I'm developing a multi culture application with different microservices, The microservices communicate with each others with integrations event, so when a new record is inserted the owner of the data send an integration events on a bus and the other microservices who need that record integrate in their storage.

My question is how to handle the localization of the entries. Should I:

  1. send to every microservices all the translation every time or
  2. the client should call the microservice and the owner of the data to get data and translation or
  3. there should be a microservice that translate everything regardless of the nature of the element (a microservice where I ask for a key and a culture and he give me the translation)?
  • Can you give an example?
    – Rik D
    May 6 '19 at 16:52
  • @Rik D In my environment a Part(entity that will be produced) js handled by the Planning microservice, the execution microservice and the quality microservice. The part has a Code to identify it and has many translations. The code is inserted in the planning microservice and sent to the others to be added in their database when I have to show the data to the user I need to show the correct translation
    – Sethlans
    May 6 '19 at 17:17
  • If I am in the execution application how do I know the correct translation? Should I send it with the code and store in the execution database or should I call the planning microservice? Or should I have another microservice that knows all the translation?
    – Sethlans
    May 6 '19 at 17:19
  • If I understand it correctly there’s a user who enters some fields on a “new part” form for different languages. You store this in the Planning database and send a NewPartCreated event to the bus. I would probably add the translations to this event, so other services can store this info if they require.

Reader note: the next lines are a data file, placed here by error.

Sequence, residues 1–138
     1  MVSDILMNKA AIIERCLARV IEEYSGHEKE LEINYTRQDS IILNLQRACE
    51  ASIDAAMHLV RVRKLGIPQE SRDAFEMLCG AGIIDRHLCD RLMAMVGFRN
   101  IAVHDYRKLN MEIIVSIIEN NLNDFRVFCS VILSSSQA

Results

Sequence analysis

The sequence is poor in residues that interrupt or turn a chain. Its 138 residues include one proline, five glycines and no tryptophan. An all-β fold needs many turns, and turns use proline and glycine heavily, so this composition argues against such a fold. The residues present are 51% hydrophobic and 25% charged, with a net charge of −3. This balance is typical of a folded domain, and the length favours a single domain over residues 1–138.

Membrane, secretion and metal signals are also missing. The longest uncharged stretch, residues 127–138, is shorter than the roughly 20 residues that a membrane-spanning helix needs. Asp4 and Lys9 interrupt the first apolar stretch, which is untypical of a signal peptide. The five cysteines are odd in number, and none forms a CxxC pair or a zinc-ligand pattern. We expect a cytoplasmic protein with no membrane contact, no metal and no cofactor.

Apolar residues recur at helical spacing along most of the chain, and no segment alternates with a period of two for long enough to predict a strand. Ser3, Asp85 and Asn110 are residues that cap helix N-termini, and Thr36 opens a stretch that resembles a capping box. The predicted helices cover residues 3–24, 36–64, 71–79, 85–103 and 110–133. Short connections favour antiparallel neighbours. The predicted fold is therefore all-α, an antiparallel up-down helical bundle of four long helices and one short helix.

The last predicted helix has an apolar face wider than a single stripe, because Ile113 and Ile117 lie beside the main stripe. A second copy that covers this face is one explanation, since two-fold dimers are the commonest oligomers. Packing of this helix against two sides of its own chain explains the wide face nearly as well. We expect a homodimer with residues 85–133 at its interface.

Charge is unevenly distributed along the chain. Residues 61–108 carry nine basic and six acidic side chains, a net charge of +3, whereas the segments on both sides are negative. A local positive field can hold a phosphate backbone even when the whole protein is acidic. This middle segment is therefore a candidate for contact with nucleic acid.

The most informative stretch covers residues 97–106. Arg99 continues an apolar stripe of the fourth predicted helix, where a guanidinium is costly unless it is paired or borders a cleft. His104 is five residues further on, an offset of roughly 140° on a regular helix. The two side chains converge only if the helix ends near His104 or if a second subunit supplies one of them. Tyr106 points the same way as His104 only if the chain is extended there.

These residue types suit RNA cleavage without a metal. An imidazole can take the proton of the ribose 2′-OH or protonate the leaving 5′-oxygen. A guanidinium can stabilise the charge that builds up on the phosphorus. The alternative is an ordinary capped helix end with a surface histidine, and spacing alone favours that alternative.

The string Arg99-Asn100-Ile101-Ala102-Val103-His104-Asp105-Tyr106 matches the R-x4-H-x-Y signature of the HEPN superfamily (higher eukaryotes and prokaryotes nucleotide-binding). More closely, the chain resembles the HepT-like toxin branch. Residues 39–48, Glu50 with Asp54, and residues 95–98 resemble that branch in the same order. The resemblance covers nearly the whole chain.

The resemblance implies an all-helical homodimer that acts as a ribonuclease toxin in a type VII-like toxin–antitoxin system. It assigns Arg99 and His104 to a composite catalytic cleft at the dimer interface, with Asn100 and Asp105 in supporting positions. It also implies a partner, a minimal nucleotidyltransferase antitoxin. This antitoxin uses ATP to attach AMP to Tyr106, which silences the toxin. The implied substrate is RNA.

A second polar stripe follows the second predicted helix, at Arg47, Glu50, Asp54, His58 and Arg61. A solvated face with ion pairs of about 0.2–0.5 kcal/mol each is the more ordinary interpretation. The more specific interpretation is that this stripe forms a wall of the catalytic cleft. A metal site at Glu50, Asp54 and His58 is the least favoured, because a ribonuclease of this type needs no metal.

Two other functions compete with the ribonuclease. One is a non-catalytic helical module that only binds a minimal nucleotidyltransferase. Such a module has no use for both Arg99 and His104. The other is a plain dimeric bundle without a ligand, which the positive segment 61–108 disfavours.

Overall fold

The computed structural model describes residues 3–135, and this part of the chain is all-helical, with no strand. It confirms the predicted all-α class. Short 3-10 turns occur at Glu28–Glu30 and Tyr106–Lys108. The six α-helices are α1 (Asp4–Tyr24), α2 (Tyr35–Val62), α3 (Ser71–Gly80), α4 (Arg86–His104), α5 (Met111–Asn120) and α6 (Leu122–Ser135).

– Rik D
    May 6 '19 at 17:33
  • Yes this is exactly my case and I was wondering if there are a correct way to handle this case or the best way is to send the translation to all microservices that handle the part
    – Sethlans
    May 6 '19 at 18:47

I would handle this by creating a dedicated "Localisation Microservice" which stores all your possible values. Make good use of caching in each of your microservices that need to make calls to it and take the occasional hit when the service is called and its not in the cache for the service. That way you get to keep all the localisation in one place, but the local caching allows it to be performant enough across your system

  • A downvote with no comments? Bit cowardly... Jan 16 at 22:40

The question was asked about localization (l10n) and internationalization (i18n), which is what my original answer was focused on. That is a well defined problem.

In the comments, the clarification is that what's really being asked is about market segmentation,rather than the traditional i18n/l10n process. Since I don't have any information on how the market segments are set up, and there is a need to translate product descriptions, I am going to assume that the market segments are "regional" in nature. I.e. the marketing segments cover multiple countries.

With this change I'm making the following assumptions:

  1. You've worked out how to identify which market segment applies to your customer
  2. You've also worked out how to identify the customer's language

With that, the business rules are going to decide if you have multiple SKUs for the same product to handle the different branding requirements for the different markets. If so, your job is easier. It's a question of filtering the right set of SKUs for your market segment. If you have any sway, I would make that recommendation.

In terms of l10n, my original recommendations still apply. L10n speaks toward how numbers and dates are formatted. I18n speaks toward the words used to describe your products.